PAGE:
As 2020 has arrived with a new year and new decade upon us, this is the perfect time to reflect and take inventory on your events that took place last year as well as within the past decade. We are at a pivotal time to focus on what went well, what did not, and what you can do better to ensure all your future events are a success!

To help you prepare for your 2020 goals and map out a clear vision for your events, I’ve compiled a list of some common event planning and management mistakes you will want to steer clear of in the new year. If you ascribe to this list, you will be on the path to ensuring the best on-site event services and solutions for your upcoming events.

Mistake #1: Not Establishing a Clearly Defined Goal for your Event

When planning an event, it’s important to begin with a clear vision of the end in mind. You must first establish what your goals and objectives are and ask questions like, “What is the purpose of this event?”, “What are we trying to achieve?” and “What results do we hope to gain?”

A clear understanding of how your event will help your business will guide you and your team throughout the process with decision making, especially during times when tasks and time objectives can become a bit hectic and overwhelming. It is equally as important to make certain that your goals and objectives are measurable. For example, tracking the number of registrants, event evaluations, tracking the number of returning attendees. It is an event planner’s mission to consider these findings in order to calculate the overall success of the event.

Mistake #2: Not Creating a Process to Maneuver Changes within the Event

There are a lot of moving parts to planning an event and within each component things are always changing. A major mistake is to not effectively manage or track these changes. It is crucial to create and follow a process whereby changes are documented and communicated with your planning team. Non-documented changes can affect the overall execution of an event which include examples like how a venue’s seating capacity affects attendance numbers or how a change in food and beverage directly affects the event’s overall budget. Careful consideration of the changes must be given to determine its impact on the planning timeline as well. One must be able to manage these types of changes in order to avoid issues down the road.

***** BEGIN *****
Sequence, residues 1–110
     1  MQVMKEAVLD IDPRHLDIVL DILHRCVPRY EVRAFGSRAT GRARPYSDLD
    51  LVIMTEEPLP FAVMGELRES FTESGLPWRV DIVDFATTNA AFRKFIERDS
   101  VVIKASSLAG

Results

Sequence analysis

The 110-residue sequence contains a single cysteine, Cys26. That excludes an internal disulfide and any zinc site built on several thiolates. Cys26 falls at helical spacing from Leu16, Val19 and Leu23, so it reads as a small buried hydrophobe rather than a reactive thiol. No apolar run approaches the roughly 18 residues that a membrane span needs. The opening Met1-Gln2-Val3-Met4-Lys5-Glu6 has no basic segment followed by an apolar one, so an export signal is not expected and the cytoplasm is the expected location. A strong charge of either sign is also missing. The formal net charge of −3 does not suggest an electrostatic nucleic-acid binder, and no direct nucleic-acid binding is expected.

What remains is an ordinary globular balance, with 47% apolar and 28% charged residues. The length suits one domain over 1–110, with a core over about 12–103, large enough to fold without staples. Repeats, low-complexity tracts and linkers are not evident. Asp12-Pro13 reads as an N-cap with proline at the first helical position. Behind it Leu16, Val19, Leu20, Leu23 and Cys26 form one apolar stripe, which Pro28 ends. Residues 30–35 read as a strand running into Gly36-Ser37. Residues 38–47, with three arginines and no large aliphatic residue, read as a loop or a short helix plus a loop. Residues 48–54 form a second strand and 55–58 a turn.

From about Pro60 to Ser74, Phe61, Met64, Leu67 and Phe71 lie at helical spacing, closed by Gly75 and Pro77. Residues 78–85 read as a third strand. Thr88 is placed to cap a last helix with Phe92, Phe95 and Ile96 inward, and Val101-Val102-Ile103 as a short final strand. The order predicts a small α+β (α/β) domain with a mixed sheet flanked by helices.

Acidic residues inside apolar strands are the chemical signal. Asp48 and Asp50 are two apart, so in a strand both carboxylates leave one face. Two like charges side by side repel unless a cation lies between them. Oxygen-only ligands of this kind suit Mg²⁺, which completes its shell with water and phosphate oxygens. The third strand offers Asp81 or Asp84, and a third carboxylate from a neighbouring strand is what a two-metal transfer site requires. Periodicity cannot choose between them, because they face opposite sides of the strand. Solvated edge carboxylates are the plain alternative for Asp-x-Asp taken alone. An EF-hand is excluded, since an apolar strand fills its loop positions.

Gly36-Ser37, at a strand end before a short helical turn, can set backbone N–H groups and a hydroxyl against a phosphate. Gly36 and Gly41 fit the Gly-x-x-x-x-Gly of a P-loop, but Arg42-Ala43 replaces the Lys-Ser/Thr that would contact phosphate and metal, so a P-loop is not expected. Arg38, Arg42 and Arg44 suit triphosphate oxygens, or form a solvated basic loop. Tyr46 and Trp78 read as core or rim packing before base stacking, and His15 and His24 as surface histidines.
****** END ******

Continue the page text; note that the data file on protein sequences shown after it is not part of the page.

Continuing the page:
Mistake #3: Failure to Perform an Event Management Risk Assessment

On the actual day of an event, it is a well-known fact that anything can happen, and it will!  It is important to perform an event risk assessment as an early part of the event planning process. Begin by arranging a brainstorming session with your team to discuss what could happen to derail the event, cause a budget overrun, or to prevent you from delivering the expected results and then come up with resolutions as to how you can mitigate those risks. While this exercise in precaution doesn’t require too much time, it has proven to be enormously helpful in understanding and circumventing any concerns before the actual planning gets underway.

Mistake #4: Poor Partnerships and Lack of Experienced Event Managers

Who you decide to contract with for your events can also deeply impact its success. Without an experienced event manager and on-site staff, your efforts to create a meaningful event will be jeopardized. Experienced and knowledgeable event managers possess the right combination of ‘soft skills’ and can demonstrate how to facilitate planning meetings and manage risk. Additionally, contracting with quality, vetted vendors will also ensure that the part they play in the event will go smoothly. These partnerships include caters, auxiliary equipment companies, photographers, etc. It really comes down to hiring those adjunct services that are aligned with your how you work and the strategies you employ over the course of the planning stages through the end of the event.

Maritza Myrthil is a New York based writer and lover of event planning. She has extensive experience working as an event planner and project manager producing high level events ranging from festivals, tradeshows, galas, weddings, corporate conferences and meetings.

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